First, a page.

If you're considering a new line of work -- or a first line of work -- you could do worse than to become an electrician. It's a highly skilled trade, requiring several hundred hours of classroom instruction before you enter the field. Once there, you'll work as an Apprentice, under the direct supervision of a Journeyman, the next level up. If you enjoy the work and do well at it, you could work your way up to Master. That's the highest and best-paid tier.
Certainly, the job has hazards. Electric shock is the obvious one, but electricians can also be injured in fires started by the electricity they control (or usually do). Falls are also a risk, as some electricians work at heights -- for example, on power poles for public utilities, or in the rafters of theaters and large auditoriums. The upside, of course, is good pay, a job that's always in demand, and the opportunity to work with and master something that's fascinated humans for millennia - electricity.
Do you have what it takes to be a master electrician? We've crafted a quiz to help you find out. Some of the questions are on electricity in general; others are about the specific tools and practices of the job. It might start fairly easy, but don't worry, the questions will get more difficult as you go!
A current is a flow of electricity. Electricians have units of measure that describe its speed, the ease with which it flows or the resistance.
Of course, it's kilocalorie. Technically, what we think of as a "calorie" is actually a thousand calories, a literal calorie being a very small measure of the energy potential of food.
Circuits must be closed to function properly. "Infinite loop" is a term from computer science, not electrician work.
Something that allows current to flow through it easily is called a conductor. "Conductive" is the adjective term. Many metals are great conductors.
Surprised? Silver is actually a better conductor than copper, but copper is much less expensive. Gold ranks third.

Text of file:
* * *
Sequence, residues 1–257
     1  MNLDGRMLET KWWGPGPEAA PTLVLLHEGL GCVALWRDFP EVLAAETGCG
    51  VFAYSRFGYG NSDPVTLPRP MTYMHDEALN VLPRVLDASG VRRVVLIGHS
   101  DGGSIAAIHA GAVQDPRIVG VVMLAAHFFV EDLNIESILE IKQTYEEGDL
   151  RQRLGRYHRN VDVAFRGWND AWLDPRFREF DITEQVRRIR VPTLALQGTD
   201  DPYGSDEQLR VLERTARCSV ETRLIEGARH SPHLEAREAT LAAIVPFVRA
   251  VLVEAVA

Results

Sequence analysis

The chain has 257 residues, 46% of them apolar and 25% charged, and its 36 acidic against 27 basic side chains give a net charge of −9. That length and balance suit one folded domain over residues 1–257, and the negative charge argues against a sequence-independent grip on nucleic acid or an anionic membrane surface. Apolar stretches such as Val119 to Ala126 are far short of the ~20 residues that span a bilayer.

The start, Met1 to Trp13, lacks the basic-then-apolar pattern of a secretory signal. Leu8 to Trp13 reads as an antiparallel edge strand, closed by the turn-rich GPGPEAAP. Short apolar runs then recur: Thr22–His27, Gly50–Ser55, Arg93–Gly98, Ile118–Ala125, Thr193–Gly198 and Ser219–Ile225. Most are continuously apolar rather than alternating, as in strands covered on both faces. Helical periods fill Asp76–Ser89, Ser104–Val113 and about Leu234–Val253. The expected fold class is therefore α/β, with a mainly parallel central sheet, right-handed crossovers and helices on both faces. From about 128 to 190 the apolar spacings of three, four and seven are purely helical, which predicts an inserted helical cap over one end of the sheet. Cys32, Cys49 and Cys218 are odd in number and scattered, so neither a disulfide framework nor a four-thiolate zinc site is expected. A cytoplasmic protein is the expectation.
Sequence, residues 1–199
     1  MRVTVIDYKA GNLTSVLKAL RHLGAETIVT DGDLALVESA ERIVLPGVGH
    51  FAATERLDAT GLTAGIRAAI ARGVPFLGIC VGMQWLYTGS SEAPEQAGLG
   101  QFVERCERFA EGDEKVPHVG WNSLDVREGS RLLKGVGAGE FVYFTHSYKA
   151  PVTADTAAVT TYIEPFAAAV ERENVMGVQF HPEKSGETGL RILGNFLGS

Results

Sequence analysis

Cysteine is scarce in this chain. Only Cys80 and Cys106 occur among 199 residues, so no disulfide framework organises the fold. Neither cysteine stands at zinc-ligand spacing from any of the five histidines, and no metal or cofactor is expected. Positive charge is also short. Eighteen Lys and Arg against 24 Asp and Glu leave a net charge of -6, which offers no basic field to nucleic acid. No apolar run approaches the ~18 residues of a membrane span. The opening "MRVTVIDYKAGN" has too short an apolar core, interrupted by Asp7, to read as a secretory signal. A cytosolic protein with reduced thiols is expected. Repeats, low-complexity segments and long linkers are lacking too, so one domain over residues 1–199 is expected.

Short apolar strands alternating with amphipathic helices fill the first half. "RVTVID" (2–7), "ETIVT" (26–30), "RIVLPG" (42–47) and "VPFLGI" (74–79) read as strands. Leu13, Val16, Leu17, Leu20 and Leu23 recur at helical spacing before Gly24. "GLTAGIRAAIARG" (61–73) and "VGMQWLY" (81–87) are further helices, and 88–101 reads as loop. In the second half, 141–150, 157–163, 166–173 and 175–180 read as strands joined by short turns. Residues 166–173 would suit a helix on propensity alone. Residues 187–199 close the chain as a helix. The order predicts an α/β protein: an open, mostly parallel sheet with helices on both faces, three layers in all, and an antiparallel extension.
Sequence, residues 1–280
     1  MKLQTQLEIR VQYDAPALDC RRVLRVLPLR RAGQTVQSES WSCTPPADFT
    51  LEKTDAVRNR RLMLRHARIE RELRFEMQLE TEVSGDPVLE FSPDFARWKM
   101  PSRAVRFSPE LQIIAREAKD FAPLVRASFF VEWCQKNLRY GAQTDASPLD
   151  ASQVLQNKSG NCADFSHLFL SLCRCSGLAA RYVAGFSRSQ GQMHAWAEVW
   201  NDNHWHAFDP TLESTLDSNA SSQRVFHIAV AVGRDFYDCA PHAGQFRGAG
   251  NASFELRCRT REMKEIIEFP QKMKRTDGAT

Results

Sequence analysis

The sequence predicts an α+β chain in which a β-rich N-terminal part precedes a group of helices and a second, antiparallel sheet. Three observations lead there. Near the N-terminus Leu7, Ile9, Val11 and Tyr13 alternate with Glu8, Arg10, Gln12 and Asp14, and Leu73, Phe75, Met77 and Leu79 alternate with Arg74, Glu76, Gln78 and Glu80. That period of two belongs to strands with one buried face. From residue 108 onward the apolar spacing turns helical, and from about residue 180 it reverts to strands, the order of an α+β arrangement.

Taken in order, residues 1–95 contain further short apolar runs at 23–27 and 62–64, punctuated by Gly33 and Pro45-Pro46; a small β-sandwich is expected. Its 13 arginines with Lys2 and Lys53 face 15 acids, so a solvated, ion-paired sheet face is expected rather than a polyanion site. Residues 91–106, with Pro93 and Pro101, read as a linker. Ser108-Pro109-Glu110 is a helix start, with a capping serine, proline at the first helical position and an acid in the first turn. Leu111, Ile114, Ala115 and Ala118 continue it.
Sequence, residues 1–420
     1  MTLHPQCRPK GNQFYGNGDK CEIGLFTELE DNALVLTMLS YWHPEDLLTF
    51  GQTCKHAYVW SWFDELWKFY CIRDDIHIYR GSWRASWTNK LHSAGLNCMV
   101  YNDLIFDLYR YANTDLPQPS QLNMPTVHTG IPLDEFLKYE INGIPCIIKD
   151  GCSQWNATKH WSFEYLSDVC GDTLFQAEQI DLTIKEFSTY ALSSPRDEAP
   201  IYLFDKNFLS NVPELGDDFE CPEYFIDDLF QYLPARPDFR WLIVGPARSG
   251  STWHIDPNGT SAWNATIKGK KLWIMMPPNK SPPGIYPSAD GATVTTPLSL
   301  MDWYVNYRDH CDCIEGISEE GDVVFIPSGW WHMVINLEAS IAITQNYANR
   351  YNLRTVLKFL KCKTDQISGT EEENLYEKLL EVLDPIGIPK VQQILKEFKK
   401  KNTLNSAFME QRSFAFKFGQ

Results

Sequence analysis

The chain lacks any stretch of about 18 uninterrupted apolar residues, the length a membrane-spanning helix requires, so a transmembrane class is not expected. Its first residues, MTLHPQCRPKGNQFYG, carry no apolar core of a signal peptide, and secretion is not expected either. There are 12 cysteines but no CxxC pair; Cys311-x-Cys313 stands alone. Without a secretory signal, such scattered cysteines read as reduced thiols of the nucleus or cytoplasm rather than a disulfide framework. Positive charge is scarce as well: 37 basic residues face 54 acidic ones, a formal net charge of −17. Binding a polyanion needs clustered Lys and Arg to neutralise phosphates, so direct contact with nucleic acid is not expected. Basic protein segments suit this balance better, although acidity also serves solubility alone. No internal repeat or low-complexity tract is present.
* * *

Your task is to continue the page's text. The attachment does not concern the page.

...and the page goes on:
Electric current is the movement of charged particles -- almost always negatively charged electrons. Substances with free electrons are "ready to move," in this sense.
Most people, regardless of their line of work, know this. It's important to an electrician's work because water on a job site can be dangerous.
The opposite of a conductive material is an insulating one. "Insulation" takes its name from "insula," the Latin word for "island," and refers to a substance's ability to shield you from electricity.
An electrician might specialize in the field of aviation, shipbuilding, public utility lines, high-speed data cabling and more. But in the theater, an "electrician" is a lighting technician. He or she isn't usually a union electrician who is part of the Apprentice/Journeyman/Master system.
Don't yell at us about the sexism of the term, please, we didn't invent it! Fewer than 3 percent of electricians are female -- which is a shame, because a veteran electrician can make serious bank.
The "volt" is named for physicist Alessandro Volta. "Difference in electrical potential" is a relatively complicated concept, also known as "electrical tension." (Which doesn't clarify much).
Of course electricity can be stored! That's the basic function of a battery, after all.
A drum auger is a plumber's tool. Augers in general are called "drain snakes," and are are used to clear clogs. We probably should have said that an electrician would be VERY unlikely to need this.
"Code" is the term for the set of safety rules that a jurisdiction sets. If you chose "Hoyle," you were probably thinking of the expression "according to Hoyle," which is a figure of speech, and not actually official!